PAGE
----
I loved last seasons trip to Aveley for their match in the Trophy against Chelmsford City. I’d seen them at Mill Field but this was my first trip to Parkside, and I rang Craig Johnson and the club were really welcoming, and it was a wonderful day. It looked as if Chelmsford were going to win, but Aveley turned it around and made history, and it’s always fabulous to be a small part of an occasion like that. Before the game Craig told me that they’d really wanted Yeovil Town or Notts County, and low and behold they earned a trip to Nottingham in the next round.
Trying to pin Craig down for an interview was difficult, he never stood still! He was out working on the pitch, then working behind the bar, then welcoming the supporters, and during the game he wandered around the game engaging with people and kicking every ball. The club is only where it is because of his hard work, and it his passion was obvious and heartening.
Each of those three matches were great occasions, but it was the people that made them so. The fans at Dulwich, Tom and Aki at Borough, Craig at Aveley- that’s what made those days special.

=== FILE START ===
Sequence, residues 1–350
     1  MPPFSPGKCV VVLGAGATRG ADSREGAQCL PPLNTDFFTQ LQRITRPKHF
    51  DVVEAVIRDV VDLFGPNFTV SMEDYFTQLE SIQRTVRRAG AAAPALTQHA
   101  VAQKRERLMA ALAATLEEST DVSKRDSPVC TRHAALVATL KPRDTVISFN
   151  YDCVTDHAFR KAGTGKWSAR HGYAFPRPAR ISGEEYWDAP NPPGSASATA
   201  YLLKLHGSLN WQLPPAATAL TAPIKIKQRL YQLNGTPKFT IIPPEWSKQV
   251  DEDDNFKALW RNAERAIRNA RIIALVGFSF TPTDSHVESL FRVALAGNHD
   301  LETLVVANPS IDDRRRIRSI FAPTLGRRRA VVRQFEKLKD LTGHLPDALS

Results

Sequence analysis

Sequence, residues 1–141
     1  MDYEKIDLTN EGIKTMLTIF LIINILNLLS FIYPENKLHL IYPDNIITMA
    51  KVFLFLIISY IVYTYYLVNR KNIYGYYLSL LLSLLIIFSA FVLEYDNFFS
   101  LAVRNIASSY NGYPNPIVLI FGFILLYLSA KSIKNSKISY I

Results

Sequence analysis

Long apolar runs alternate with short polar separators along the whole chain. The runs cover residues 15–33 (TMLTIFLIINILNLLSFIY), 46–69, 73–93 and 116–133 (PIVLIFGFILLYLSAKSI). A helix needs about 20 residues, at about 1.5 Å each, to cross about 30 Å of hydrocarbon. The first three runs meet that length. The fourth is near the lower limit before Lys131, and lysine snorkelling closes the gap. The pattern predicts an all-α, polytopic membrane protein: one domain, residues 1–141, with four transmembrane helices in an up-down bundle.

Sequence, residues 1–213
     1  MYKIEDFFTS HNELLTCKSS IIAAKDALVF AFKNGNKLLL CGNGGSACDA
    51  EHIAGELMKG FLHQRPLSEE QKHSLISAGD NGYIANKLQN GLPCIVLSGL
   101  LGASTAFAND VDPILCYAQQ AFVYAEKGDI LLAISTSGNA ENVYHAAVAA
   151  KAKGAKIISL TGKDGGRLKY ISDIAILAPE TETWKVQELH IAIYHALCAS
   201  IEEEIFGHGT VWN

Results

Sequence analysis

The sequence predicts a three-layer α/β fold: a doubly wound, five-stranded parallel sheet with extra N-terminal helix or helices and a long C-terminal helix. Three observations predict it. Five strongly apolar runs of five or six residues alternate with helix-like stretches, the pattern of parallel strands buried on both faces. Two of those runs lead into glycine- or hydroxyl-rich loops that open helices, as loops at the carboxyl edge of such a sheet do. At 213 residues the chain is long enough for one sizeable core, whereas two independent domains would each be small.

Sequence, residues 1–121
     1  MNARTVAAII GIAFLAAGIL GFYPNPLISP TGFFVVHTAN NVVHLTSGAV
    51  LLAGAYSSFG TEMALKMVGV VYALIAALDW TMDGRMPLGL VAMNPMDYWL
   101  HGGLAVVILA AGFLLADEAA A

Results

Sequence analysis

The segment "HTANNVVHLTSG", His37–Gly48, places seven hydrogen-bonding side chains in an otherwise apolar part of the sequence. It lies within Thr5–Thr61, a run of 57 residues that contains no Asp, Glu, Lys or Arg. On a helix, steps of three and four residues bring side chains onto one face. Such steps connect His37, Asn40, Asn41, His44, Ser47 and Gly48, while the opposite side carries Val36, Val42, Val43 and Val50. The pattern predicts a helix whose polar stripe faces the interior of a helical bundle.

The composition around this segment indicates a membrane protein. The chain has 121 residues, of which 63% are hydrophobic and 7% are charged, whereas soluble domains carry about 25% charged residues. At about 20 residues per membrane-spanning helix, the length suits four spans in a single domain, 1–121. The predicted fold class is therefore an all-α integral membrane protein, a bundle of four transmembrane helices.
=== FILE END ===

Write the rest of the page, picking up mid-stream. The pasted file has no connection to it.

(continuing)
Will we see you at many Isthmian matches this season?
I’m planning a trip to AFC Sudbury, as I mentioned I’d like to go to Sittingbourne, and I’ve always wanted to go to a match at Soham Town Rangers. I’d love to go back to Coggeshall Town too- I last saw them in the Border League, and what they’ve achieved since is phenomenal.
I want to see the new stand at Bognor, too- and it’s always good at be at Corinthian-Casuals, Enfield Town, Leatherhead- I used to watch them as a child, too, as my dad was from Ashtead. I was at the match when they defeated Colchester United in the FA Cup.
It’s just that I’m waiting for a story to present itself before I commit!
If you've never seen David's work- or even if you have- many of our clubs are featured, indeed celebrated, on his website. You'll find it here. Each image featured here comes from his lens.